Claims (1)

1. AN EXTRUSION DIE FOR CONTROLLING THE FLOW OF FLUID ALONG DIVERGING PATHS FROM AN INLET TO AN THROUGH A NARROW SLOT OUTLET COMPRISING: (A) A BODY MEMBER HAVING AT LEAST ONE INLET AND AN OUTLET TERMINATING IN A SIDE SURFACE OF THE BODY MEMBER, A PORTION OF SAID SURFACE DEFINING ONE SURFACE OF THE SLOT OUTET. (B) A FLUID CONTROL PLATE ON A SIDE SURFACE, THE INNER SURFACE OF WHICH PLATE HAS A SERIES OF INTERCONNECTED DEPRESSED CHAMBER AREAS FORMING WITH SAID SIDE SURFACE (1) A CENTRALLY DISPOSED INLET AREA, (2) AN NOBSTRUCTED TRANSVERSE SUPPLY CHAMBER, (3) A TRANSVERSE UNOBSTRUCTRED REAR PASSAGE, AND (4) AN UNOBSTRUCTED SECOND TRANSVERSE CROSS-FLOW CHAMBER THAT PROVIDES ANOTHER FLOW CONTROL PASSAGE ADJACENT THE SLOT OUTLET AND COMMUNICATES WITH SAID SLOT OUTLET, THE LENGTH OF THE TRANSVERSE REAR RESTRICTED PASSAGE IN THE DIRECTION OF FLUID FLOW FROM SAID CENTRALLY DISPOSED INLET AREA TO THE SLOT OUTLET BEING VARIED ALONG DIVERGING PATHS
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Cited By (9)

* Cited by examiner, † Cited by third party
Publication number Priority date Publication date Assignee Title
US3393426A (en) * 1966-07-11 1968-07-23 Adamson United Company Lateral spreading extruder die assembly
US3398431A (en) * 1964-10-23 1968-08-27 Nat Distillers And Chemicals C Laminating extrusion die
US3464087A (en) * 1967-08-08 1969-09-02 St Regis Paper Co Multiple-channel extrusion die for the production of multilayer thermoplastic sheet materials
US3743459A (en) * 1971-05-19 1973-07-03 Dow Chemical Co Apparatus for coextrusion of multilayer sheet or films
US3797987A (en) * 1969-09-25 1974-03-19 G Marion Coextrusion apparatus for flat film
US5141691A (en) * 1991-09-16 1992-08-25 Champion International Corporation Feedlock and method for extruding planar laminates
US5256357A (en) * 1992-05-28 1993-10-26 Eastman Kodak Company Apparatus and method for cocasting film layers
US20050155546A1 (en) * 2001-04-12 2005-07-21 Voith Paper Patent Gmbh Application device
WO2015004512A1 (en) * 2013-07-08 2015-01-15 Toyota Jidosha Kabushiki Kaisha Coating apparatus and coating method

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US2734224A (en) * 1956-02-14 winstead
US2761791A (en) * 1955-02-23 1956-09-04 Eastman Kodak Co Method of multiple coating
US2813301A (en) * 1954-12-13 1957-11-19 Monsanto Chemicals Sheeting die
US2901770A (en) * 1955-05-06 1959-09-01 Du Pont Extrusion apparatus and processes of extruding
US2932855A (en) * 1956-09-11 1960-04-19 Eastman Kodak Co Method for forming film or sheeting
US3057010A (en) * 1960-08-22 1962-10-09 Reifenhauser K G Elongated slit nozzle
US3118179A (en) * 1961-07-10 1964-01-21 Crompton & Knowles Corp Sheet extrusion die
US3151356A (en) * 1961-08-02 1964-10-06 Du Pont Extrusion die
US3197815A (en) * 1963-01-14 1965-08-03 Jurian W Van Riper Plastic material extrusion head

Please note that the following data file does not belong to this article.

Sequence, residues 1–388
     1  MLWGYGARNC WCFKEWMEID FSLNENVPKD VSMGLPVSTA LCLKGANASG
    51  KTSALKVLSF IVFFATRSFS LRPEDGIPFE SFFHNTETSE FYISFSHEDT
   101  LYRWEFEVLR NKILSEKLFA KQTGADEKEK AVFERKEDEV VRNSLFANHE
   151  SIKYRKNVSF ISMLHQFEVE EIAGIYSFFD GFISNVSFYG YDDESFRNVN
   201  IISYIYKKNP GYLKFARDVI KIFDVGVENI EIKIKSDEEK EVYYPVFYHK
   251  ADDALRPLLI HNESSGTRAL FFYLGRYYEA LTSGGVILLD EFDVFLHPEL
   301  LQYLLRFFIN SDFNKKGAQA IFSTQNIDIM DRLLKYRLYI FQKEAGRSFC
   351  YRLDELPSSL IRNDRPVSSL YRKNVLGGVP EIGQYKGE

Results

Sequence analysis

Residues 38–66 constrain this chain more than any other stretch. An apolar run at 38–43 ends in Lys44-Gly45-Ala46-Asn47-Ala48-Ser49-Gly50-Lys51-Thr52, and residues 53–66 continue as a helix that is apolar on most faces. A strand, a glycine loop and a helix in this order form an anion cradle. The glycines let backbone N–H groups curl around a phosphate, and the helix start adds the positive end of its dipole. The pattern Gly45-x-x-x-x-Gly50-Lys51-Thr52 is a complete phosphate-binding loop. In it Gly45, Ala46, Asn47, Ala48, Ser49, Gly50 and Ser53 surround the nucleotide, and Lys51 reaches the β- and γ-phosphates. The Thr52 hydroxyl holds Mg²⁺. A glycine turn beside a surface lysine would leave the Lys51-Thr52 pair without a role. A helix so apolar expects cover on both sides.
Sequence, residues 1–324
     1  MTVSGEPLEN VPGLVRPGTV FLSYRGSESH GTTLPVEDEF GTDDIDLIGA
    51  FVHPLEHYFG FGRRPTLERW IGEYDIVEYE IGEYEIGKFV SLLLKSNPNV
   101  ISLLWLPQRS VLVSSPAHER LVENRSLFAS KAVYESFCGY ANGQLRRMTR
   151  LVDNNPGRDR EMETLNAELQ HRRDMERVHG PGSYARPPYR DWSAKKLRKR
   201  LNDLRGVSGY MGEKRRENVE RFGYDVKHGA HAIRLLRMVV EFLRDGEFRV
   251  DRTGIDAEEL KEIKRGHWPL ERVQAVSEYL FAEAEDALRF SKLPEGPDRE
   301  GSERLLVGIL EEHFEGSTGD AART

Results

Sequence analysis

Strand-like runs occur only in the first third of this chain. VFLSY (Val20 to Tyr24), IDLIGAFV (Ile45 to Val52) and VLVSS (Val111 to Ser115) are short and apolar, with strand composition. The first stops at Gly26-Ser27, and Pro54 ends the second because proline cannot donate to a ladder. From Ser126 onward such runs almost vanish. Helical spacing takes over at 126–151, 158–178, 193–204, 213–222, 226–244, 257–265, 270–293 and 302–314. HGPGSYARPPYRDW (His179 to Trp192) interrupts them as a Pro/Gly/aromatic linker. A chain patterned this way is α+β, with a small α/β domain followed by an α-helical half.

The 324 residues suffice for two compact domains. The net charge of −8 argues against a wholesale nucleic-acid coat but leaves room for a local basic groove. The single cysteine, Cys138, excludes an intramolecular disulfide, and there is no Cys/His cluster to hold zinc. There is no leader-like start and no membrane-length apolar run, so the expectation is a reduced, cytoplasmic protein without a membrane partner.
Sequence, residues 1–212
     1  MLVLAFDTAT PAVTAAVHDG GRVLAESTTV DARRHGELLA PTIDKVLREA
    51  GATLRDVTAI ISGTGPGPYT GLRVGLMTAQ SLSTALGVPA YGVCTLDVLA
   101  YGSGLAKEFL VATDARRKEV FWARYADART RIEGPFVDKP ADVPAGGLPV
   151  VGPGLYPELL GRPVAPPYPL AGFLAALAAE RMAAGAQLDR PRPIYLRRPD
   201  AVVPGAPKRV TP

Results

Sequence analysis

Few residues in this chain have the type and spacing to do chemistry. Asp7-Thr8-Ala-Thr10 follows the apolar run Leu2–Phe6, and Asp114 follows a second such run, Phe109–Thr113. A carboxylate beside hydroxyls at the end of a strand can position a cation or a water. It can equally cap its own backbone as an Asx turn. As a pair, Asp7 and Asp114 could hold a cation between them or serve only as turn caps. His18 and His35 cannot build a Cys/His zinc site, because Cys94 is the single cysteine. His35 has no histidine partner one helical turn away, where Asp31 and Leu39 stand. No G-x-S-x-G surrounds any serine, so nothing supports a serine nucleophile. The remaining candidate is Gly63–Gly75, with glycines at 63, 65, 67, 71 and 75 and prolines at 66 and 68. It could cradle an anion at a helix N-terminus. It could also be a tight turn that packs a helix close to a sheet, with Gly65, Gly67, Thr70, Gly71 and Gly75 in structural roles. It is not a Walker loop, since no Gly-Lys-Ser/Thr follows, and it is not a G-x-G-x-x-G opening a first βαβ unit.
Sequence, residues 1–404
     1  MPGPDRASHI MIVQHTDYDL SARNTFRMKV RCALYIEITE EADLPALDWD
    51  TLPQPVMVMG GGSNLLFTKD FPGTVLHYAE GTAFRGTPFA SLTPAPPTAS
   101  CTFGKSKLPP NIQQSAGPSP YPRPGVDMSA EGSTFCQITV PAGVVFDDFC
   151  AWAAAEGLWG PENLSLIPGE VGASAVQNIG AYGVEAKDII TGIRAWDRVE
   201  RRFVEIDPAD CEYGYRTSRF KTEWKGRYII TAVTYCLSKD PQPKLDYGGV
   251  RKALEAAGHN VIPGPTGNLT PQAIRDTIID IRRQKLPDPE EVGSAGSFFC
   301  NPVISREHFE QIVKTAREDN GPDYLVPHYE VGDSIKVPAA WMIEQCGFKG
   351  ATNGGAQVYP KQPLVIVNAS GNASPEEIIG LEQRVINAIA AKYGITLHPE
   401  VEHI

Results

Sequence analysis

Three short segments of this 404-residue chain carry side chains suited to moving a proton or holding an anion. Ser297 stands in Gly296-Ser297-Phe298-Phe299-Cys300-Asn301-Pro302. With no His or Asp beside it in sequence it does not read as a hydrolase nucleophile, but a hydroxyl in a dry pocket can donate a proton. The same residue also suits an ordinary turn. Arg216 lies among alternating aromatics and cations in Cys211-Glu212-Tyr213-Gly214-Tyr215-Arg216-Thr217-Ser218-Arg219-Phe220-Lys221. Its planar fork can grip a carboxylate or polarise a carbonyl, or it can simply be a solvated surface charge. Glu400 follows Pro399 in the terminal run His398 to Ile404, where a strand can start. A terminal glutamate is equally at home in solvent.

Patent Citations (10)

* Cited by examiner, † Cited by third party
Publication number Priority date Publication date Assignee Title
US2734224A (en) * 1956-02-14 winstead
US2813301A (en) * 1954-12-13 1957-11-19 Monsanto Chemicals Sheeting die
US2761791A (en) * 1955-02-23 1956-09-04 Eastman Kodak Co Method of multiple coating
US2761417A (en) * 1955-02-23 1956-09-04 Eastman Kodak Co Multiple coating apparatus
US2901770A (en) * 1955-05-06 1959-09-01 Du Pont Extrusion apparatus and processes of extruding
US2932855A (en) * 1956-09-11 1960-04-19 Eastman Kodak Co Method for forming film or sheeting
US3057010A (en) * 1960-08-22 1962-10-09 Reifenhauser K G Elongated slit nozzle
US3118179A (en) * 1961-07-10 1964-01-21 Crompton & Knowles Corp Sheet extrusion die
US3151356A (en) * 1961-08-02 1964-10-06 Du Pont Extrusion die
US3197815A (en) * 1963-01-14 1965-08-03 Jurian W Van Riper Plastic material extrusion head

Cited By (12)

* Cited by examiner, † Cited by third party
Publication number Priority date Publication date Assignee Title
US3398431A (en) * 1964-10-23 1968-08-27 Nat Distillers And Chemicals C Laminating extrusion die
US3393426A (en) * 1966-07-11 1968-07-23 Adamson United Company Lateral spreading extruder die assembly
US3464087A (en) * 1967-08-08 1969-09-02 St Regis Paper Co Multiple-channel extrusion die for the production of multilayer thermoplastic sheet materials
US3797987A (en) * 1969-09-25 1974-03-19 G Marion Coextrusion apparatus for flat film
US3743459A (en) * 1971-05-19 1973-07-03 Dow Chemical Co Apparatus for coextrusion of multilayer sheet or films
US5141691A (en) * 1991-09-16 1992-08-25 Champion International Corporation Feedlock and method for extruding planar laminates
US5256357A (en) * 1992-05-28 1993-10-26 Eastman Kodak Company Apparatus and method for cocasting film layers
US20050155546A1 (en) * 2001-04-12 2005-07-21 Voith Paper Patent Gmbh Application device
US7279043B2 (en) * 2001-04-12 2007-10-09 Voith Paper Patent Gmbh Application device
WO2015004512A1 (en) * 2013-07-08 2015-01-15 Toyota Jidosha Kabushiki Kaisha Coating apparatus and coating method
JP2015013272A (en) * 2013-07-08 2015-01-22 トヨタ自動車株式会社 Coating device and method
CN105473237A (en) * 2013-07-08 2016-04-06 丰田自动车株式会社 Coating apparatus and coating method